by Amber Mendoza, RCS Intern
Sexual assault is a very important issue in society because it can happen to anyone regardless of age, gender, sexual orientation or race. However many people would rather not discuss this topic. Cultural differences may place shame and embarrassment on the victim and thus, many times the victim would rather stay quiet about the assault. In most cases victims go into a stage of self-blaming and develop long lasting physical and psychological trauma. Depression, social isolation and low self-esteem are common symptoms that victims of sexual assault face, which add more stressors to one’s life. Sexual assault is a growing epidemic on college campuses and needs to be addressed. Students may find themselves or others in a sexual assault situation and need to know what services are available to them.
Being a college student, I know first-hand how difficult school can be. I could not imagine how much more difficult life would be if I were dealing with psychological and psychical trauma that sexual assault victims face. I was alarmed when I discovered that about 1 in 4 college women are a victim of sexual assault.. My sister, my friends, and even I will have an increase percentage of being victims of sexual assault during our academic career. This is why rape and sexual violence is necessary to address, especially on college campuses.
I feel that there is a lack of education and awareness about sexual assault on college campuses. Many college students are unaware of available resources and services, which is why outreach events such as Take Back the Night are so beneficial. Take Back the Night was an event that brought awareness to ending violence against women and was held at the Fresno State campus in October. I was surprised to learn that this event took place every year because I have attended Fresno State for three years and this was my first time hearing about it. Like numerous students, I too was unaware of the different services offered to survivors. I was able to talk with other students during the event and I found that many were unfamiliar with RCS Fresno and the types of services we provide. As I continued to talk with other students I found that they had no idea that this event took place and only attended because a friend invited them or it was for a class assignment. At the end of the night, however, many stated they were glad they attended because it empowered and supported survivors.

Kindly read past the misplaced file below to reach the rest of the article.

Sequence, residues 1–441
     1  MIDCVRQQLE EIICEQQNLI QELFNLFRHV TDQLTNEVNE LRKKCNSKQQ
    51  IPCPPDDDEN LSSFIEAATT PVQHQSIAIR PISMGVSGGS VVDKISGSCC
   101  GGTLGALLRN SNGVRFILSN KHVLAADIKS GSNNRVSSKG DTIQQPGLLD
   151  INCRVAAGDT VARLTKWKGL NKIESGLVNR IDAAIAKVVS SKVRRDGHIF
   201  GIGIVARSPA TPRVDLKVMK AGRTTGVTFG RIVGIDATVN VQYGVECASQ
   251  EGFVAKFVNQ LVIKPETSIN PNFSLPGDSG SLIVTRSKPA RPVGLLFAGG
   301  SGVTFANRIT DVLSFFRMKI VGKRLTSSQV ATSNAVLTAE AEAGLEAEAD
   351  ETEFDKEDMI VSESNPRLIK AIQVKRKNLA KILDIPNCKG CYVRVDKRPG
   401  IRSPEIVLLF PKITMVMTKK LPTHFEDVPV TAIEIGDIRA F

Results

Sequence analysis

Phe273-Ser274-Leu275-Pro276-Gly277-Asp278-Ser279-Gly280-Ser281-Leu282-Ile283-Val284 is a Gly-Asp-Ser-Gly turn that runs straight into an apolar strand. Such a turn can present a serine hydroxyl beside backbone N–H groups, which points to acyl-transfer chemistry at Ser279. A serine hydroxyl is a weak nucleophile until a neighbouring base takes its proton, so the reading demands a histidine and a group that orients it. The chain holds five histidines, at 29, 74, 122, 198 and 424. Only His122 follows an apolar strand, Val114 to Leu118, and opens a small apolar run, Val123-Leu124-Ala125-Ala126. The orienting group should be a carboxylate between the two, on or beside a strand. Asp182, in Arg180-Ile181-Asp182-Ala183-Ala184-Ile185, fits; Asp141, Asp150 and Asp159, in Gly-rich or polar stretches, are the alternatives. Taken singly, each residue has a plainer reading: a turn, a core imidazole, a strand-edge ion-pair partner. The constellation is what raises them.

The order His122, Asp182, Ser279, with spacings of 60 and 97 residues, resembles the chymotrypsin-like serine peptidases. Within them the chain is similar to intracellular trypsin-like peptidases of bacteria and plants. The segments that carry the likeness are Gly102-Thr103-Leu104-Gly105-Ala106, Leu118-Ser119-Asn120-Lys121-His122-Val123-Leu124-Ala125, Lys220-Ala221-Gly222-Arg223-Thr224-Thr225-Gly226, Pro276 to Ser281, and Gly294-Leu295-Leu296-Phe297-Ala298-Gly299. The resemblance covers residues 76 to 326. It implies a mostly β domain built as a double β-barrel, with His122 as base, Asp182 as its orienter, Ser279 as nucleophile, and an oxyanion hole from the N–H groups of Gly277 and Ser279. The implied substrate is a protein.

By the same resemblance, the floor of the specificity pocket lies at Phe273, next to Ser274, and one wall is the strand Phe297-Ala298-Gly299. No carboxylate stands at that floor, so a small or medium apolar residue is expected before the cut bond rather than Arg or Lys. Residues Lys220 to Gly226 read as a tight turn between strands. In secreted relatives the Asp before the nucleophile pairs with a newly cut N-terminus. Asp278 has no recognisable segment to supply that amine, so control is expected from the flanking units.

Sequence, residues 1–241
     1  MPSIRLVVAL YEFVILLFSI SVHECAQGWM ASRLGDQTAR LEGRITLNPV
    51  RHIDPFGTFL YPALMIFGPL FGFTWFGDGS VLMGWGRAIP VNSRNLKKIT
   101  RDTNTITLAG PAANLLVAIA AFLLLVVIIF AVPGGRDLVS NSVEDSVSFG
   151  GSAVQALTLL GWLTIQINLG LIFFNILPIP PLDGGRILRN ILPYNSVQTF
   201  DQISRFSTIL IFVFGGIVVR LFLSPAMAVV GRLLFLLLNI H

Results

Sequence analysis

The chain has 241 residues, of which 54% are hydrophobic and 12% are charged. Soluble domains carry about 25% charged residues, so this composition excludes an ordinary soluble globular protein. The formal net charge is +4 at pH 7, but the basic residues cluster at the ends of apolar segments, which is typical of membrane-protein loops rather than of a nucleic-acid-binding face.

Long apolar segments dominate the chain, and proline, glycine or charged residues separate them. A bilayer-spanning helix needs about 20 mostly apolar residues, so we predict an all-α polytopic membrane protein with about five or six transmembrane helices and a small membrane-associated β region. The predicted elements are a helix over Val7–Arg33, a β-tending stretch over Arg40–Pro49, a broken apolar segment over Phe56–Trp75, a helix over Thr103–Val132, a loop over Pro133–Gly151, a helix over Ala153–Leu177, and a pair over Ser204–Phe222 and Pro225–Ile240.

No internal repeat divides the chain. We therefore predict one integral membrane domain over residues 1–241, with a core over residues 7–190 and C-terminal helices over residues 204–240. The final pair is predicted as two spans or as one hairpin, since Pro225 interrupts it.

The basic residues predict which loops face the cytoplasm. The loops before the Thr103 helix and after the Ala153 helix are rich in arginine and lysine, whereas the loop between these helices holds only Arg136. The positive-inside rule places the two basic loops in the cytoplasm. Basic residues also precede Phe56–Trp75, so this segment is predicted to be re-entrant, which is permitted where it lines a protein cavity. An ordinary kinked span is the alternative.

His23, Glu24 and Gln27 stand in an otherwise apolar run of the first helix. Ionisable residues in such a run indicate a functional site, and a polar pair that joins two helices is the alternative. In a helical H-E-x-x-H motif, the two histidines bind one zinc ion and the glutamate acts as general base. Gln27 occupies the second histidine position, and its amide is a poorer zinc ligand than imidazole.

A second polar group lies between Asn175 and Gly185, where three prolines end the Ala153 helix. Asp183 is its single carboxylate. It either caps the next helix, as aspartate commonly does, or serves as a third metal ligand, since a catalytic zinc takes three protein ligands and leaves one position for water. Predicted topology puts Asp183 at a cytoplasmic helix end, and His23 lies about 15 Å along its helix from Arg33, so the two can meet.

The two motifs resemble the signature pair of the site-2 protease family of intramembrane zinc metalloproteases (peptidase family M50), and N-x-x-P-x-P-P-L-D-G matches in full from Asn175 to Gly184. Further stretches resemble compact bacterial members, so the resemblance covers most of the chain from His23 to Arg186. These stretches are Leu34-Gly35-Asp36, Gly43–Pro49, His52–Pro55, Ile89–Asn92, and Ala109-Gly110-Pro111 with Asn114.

It is important to continue addressing sexual assault on college campuses and equipping students with helpful tips and resources in the event they need or know of someone who may need support. These resources can then help victims in becoming survivors. Sexual assault seems to be a taboo subject that no one really wants to discuss; however, it needs to be!